I wound up staying late. Dh chose to wait for me, and I finally managed to get away and meet him downstairs, telling him all about what a lousy day I had had as we walked to the train station. The weather had been horribly hot and sticky for days, and as our train headed out of the station, we could see black clouds gathering on the horizon. The closer we got to home, the closer and blacker the clouds got. Just as we were pulling into our station, a torrential downpour began. "Be careful," the conductor said over the PA system, "It's nasty out there."

I stepped out of the air-conditioned train and into the deluge, and my glasses actually started fogging up. The rain was coming down so heavily, I could hardly see. I tried to put up my umbrella -- and as I did, some idiot rushing for the shelter of the stairwell ran full tilt into me and knocked me flat on my ass. Right into a puddle, of course. :p  One of my sandals got knocked off & my glasses just about fell off too. My purse was laying on the ground (fortunately, the contents didn't get too wet). I felt like the wind had just been knocked out of me.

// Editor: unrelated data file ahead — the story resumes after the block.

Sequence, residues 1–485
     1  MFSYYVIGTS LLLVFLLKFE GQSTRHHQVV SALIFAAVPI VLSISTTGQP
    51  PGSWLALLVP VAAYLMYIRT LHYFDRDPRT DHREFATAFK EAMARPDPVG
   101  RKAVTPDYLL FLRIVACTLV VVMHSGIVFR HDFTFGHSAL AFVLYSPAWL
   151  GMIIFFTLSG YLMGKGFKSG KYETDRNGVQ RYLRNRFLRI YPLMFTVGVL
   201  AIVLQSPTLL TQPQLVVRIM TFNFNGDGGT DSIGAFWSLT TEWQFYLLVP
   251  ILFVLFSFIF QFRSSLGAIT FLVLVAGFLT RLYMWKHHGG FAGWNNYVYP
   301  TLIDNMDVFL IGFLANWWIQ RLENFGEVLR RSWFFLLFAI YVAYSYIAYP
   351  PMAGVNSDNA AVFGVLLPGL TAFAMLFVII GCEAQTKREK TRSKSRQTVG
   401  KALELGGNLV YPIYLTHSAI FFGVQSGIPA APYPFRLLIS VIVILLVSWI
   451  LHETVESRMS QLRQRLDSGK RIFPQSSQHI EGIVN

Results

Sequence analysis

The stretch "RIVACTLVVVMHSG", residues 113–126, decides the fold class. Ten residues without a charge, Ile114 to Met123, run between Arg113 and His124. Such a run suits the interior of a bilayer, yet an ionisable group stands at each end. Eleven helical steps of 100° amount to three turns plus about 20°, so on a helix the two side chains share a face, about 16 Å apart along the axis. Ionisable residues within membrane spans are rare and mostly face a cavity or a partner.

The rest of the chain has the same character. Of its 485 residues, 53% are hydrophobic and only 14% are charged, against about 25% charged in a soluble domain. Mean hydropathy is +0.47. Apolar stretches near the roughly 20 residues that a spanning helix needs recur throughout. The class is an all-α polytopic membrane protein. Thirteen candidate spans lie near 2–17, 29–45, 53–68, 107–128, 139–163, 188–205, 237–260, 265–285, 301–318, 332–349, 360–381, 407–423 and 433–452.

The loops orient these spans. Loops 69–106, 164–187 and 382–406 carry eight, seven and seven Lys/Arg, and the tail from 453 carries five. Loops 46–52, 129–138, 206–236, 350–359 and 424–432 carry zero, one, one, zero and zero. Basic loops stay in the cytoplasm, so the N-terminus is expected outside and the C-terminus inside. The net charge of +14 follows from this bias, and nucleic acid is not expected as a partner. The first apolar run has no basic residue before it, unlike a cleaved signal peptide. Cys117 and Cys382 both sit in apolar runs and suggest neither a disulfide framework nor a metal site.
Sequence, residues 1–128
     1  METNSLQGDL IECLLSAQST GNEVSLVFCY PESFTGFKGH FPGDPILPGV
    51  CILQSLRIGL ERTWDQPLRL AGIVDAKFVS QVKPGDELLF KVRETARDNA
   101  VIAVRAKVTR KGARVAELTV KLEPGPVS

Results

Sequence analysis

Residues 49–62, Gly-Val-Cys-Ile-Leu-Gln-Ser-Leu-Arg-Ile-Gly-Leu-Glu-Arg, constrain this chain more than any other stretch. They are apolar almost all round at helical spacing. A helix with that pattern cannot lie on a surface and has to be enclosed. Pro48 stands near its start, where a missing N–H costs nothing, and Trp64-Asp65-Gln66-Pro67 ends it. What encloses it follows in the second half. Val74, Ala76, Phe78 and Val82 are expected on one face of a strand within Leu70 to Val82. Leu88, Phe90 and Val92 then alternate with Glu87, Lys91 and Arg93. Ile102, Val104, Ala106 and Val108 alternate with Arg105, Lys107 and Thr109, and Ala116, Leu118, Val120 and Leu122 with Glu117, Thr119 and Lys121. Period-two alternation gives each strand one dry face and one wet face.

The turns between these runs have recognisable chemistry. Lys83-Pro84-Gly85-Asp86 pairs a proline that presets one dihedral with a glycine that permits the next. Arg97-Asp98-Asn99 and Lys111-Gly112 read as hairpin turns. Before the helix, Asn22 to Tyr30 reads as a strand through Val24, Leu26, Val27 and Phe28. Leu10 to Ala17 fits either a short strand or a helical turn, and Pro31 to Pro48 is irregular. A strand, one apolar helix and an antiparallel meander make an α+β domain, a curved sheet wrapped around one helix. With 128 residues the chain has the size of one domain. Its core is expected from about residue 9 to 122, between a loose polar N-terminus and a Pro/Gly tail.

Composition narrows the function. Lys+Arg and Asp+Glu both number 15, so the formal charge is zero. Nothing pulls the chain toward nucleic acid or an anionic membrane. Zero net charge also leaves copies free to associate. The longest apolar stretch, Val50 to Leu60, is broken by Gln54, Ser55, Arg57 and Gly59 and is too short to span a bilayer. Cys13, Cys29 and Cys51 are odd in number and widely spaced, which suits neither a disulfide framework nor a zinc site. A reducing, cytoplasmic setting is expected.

I just SAT there for a minute, stunned, with the rain pouring down on me. I heard people asking if I was all right, but all I could see were feet rushing by me in a blur. "Didn't even stop," one person said. I struggled to my feet -- nobody offered to help me up (!) and there was no sign of dh anywhere. I felt utterly alone -- and completely soaked.

Somehow I made it up the long, long flight of stairs (enclosed, thankfully) that leads to a newly built pedestrian bridge across the highway & over to the mall where (thanks to congestion and construction at the station) we must now park in a parking garage there. Dh was waiting near the top of the stairs with this quizzical "Where the heck have you been?" look on his face. I told him what had happened & he asked if I was all right. "Boy, you really HAVE had a lousy day!" he said. Ummm -- yeah. :p :p :p  Understatement of the year.